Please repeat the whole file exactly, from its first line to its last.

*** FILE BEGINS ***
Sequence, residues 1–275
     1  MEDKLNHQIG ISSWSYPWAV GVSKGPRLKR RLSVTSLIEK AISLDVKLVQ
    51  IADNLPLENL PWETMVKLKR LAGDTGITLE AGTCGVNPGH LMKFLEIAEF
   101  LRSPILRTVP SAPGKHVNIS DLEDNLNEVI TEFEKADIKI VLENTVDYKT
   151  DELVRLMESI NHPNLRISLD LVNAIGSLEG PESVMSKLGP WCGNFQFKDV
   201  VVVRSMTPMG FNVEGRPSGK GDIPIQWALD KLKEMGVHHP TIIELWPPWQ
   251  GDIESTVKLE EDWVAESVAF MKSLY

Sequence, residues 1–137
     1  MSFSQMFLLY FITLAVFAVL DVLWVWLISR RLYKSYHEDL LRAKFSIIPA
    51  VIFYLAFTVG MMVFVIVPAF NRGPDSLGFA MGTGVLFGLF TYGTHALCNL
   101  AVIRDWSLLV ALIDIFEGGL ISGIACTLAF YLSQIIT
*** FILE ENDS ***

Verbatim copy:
Sequence, residues 1–275
     1  MEDKLNHQIG ISSWSYPWAV GVSKGPRLKR RLSVTSLIEK AISLDVKLVQ
    51  IADNLPLENL PWETMVKLKR LAGDTGITLE AGTCGVNPGH LMKFLEIAEF
   101  LRSPILRTVP SAPGKHVNIS DLEDNLNEVI TEFEKADIKI VLENTVDYKT
   151  DELVRLMESI NHPNLRISLD LVNAIGSLEG PESVMSKLGP WCGNFQFKDV
   201  VVVRSMTPMG FNVEGRPSGK GDIPIQWALD KLKEMGVHHP TIIELWPPWQ
   251  GDIESTVKLE EDWVAESVAF MKSLY

Sequence, residues 1–137
     1  MSFSQMFLLY FITLAVFAVL DVLWVWLISR RLYKSYHEDL LRAKFSIIPA
    51  VIFYLAFTVG MMVFVIVPAF NRGPDSLGFA MGTGVLFGLF TYGTHALCNL
   101  AVIRDWSLLV ALIDIFEGGL ISGIACTLAF YLSQIIT